|Publication number||US5494409 A|
|Application number||US 08/130,370|
|Publication date||Feb 27, 1996|
|Filing date||Oct 1, 1993|
|Priority date||Oct 1, 1993|
|Also published as||WO1995009982A1|
|Publication number||08130370, 130370, US 5494409 A, US 5494409A, US-A-5494409, US5494409 A, US5494409A|
|Inventors||Michael C. Webb, Thomas Wilson, Ken Kunaniec|
|Original Assignee||Webb; Michael C., Wilson; Thomas, Kunaniec; Ken|
|Export Citation||BiBTeX, EndNote, RefMan|
|Patent Citations (14), Referenced by (16), Classifications (9), Legal Events (8)|
|External Links: USPTO, USPTO Assignment, Espacenet|
The present invention relates to a vapor recovery system for use with fuel dispensing nozzles. More particularly, the present invention relates to a system for dispensing fuel from storage tanks, such as underground storage tanks, to a vehicle fuel tank in which all or substantially all of the vapors escaping from the vehicle tank are recovered and transferred back to the storage tank from which the liquid fuel has been withdrawn.
In recent years the concern for protecting our environment has grown considerably. The United States, as a country, has become very interested in protecting wildlife, forests, both above and below ground water resources and in improving our air quality.
There are many sources of air pollution which contribute to the overall pollution problem Factory emissions, automobile and truck emissions and fluorocarbons emissions are the most common type of air pollutants. Aromatic emissions from liquid hydrocarbon fuels are another type of air pollutant. A typical source of aromatic pollution originates from the transfer of these liquid fuels from one storage tank to another. Filling an empty storage tank with fuel causes the air inside to be displaced by the liquid pouring in. When this occurs, the air mixes with the fuel and becomes vaporous, being forced out of the tank. This fuel laden vapor mixes with the atmosphere and forms part of the soup called air pollution.
A typical instance of fuel transfer can be found at a truck or automobile service station. There are two types of fuel transfer which occur at service stations, both of which have recently come under regulation. The first type of fuel transfer is from a delivery tanker truck directly into a below or above ground bulk fuel storage tank. This bulk transfer fuel is now regulated under what is called "Stage I Vapor Recovery" which requires an approved means of recovering all of the vapors escaping from the storage tank and transferring them into the bulk fuel delivery truck or tanker truck that is pumping the liquid fuel. This type of system requires that a vapor hose interconnect the tanker truck and the storage tank.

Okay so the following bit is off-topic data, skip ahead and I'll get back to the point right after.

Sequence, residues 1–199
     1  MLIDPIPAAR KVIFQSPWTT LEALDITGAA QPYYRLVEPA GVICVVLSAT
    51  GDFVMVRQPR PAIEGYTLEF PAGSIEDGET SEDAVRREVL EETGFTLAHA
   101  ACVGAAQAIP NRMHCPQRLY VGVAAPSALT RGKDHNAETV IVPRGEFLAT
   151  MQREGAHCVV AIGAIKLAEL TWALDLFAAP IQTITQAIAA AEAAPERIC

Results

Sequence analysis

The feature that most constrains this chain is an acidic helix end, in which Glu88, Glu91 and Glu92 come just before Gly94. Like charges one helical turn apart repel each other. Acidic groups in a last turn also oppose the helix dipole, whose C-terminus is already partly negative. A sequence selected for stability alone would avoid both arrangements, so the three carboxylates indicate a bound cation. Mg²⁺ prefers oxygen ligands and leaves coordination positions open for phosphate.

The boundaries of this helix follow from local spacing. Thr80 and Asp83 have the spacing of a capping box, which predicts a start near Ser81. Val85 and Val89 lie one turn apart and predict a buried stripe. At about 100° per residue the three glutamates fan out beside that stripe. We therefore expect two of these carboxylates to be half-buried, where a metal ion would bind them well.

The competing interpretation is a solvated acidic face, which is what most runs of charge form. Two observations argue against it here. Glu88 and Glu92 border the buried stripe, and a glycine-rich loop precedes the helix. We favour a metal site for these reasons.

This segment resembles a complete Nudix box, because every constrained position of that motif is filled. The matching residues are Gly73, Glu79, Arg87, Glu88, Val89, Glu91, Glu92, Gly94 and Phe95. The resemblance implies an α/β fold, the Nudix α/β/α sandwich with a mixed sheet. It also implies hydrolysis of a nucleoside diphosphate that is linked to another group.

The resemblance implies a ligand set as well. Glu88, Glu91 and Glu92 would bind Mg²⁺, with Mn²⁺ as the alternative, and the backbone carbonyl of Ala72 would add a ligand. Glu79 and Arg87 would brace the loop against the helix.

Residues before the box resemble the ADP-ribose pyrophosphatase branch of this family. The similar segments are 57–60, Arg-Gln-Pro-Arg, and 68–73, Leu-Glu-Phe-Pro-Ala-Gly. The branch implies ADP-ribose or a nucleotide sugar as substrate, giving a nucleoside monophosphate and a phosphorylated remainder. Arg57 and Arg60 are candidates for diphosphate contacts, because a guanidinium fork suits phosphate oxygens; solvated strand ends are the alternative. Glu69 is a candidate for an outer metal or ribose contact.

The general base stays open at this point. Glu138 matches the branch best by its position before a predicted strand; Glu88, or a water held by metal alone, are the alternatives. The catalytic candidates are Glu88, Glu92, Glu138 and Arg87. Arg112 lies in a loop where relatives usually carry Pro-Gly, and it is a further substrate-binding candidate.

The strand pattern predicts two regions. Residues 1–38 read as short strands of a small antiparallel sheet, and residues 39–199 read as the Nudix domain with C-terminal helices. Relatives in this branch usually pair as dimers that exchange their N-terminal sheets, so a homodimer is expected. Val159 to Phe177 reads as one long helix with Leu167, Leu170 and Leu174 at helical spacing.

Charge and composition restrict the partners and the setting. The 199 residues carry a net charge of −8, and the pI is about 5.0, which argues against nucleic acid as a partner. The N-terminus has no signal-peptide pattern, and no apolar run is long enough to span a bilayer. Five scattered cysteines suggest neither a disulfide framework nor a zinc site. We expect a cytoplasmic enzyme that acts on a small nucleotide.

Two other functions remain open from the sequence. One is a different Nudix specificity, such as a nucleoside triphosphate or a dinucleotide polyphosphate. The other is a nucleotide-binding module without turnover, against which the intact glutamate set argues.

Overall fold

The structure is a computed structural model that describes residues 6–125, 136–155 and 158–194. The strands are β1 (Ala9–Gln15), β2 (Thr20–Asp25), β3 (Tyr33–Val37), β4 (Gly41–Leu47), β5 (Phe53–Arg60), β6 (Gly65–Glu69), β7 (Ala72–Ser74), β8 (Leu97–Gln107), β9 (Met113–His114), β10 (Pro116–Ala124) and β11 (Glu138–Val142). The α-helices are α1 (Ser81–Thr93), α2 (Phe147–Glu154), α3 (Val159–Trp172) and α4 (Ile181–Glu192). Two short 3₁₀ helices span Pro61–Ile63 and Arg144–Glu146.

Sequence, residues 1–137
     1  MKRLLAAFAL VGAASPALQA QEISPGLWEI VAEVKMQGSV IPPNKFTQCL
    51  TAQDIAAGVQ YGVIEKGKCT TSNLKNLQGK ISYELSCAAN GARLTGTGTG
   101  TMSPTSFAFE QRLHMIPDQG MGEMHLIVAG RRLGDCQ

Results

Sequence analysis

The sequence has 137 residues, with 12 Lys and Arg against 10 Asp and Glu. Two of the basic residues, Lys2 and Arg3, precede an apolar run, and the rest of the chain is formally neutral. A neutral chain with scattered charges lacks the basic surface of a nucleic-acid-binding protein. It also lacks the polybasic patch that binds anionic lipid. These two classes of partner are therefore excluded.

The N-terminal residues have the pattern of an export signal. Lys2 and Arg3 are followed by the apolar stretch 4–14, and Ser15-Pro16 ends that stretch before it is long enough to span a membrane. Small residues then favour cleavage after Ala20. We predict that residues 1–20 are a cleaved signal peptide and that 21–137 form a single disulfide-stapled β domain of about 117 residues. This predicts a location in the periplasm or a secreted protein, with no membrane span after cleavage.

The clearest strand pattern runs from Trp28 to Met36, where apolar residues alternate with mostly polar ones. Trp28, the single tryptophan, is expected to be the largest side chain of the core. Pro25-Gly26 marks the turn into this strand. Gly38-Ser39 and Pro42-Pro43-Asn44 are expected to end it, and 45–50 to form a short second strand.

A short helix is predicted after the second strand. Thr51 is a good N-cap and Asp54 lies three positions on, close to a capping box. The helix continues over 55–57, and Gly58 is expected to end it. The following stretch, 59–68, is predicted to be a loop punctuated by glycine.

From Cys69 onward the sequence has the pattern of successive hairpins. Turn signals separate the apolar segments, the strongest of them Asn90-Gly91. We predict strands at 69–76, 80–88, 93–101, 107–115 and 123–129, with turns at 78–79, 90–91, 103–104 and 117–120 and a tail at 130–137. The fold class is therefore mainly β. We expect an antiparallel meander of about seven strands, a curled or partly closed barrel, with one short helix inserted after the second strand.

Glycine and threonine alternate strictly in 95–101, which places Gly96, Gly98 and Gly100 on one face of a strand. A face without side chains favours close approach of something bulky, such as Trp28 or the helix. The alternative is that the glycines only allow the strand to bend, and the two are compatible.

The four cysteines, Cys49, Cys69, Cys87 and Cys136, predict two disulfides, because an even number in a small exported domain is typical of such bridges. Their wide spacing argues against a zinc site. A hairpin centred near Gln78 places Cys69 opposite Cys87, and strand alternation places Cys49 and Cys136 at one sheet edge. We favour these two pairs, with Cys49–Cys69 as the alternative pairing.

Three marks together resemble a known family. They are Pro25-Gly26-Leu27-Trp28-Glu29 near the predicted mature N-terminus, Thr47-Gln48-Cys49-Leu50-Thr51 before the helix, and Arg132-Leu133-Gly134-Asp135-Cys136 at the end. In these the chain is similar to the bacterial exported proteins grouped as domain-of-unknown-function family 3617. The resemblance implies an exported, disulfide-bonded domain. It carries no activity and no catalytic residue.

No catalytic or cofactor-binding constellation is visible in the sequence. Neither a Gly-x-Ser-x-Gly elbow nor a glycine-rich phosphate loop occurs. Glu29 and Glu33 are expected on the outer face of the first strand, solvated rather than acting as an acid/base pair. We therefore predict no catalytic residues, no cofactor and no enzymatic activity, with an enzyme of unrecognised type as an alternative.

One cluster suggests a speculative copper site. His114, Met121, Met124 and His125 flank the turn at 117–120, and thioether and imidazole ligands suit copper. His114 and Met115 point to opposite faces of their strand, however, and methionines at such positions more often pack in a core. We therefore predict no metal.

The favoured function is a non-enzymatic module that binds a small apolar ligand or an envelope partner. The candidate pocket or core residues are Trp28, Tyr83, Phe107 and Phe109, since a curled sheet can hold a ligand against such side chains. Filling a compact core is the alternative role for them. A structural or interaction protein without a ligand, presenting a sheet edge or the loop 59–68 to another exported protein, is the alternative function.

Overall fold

The second type of fuel transfer is from the storage tank to the vehicle tank located on a truck or automobile. This transfer typically requires the use of an underground piping system interconnecting the storage tank and one or more above ground fuel dispensers that meter the amount of liquid fuel transferred. The fuel may be pumped from the storage tank to the dispenser by means of a submersible pump or fuel pump located at the tank. Alternatively, fuel may be suctioned from the storage tank to the dispenser by means of a suction pump located within the dispenser. This transfer fuel is now regulated under what is called "Stage II Vapor Recovery," which requires an approved means of recovering all of the vapors escaping from the vehicle tank and transferring them into the storage tank from which the liquid fuel is being pumped or suctioned by the fuel pump.
The invention relates to the second type of vapor recovery system called Stage II Vapor Recovery. There are a number of approved Stage II Vapor Recovery systems on the market and in use which attempt to recover the fuel vapors which escape the vehicle tank during refueling. All of these systems require a dedicated piping line from the dispenser back to the bulk storage tank. Another requirement is to have a special filling nozzle which provides a vacuum inlet with an attached dedicated return vapor hose for interconnecting the nozzle to the vapor piping located just under the dispenser.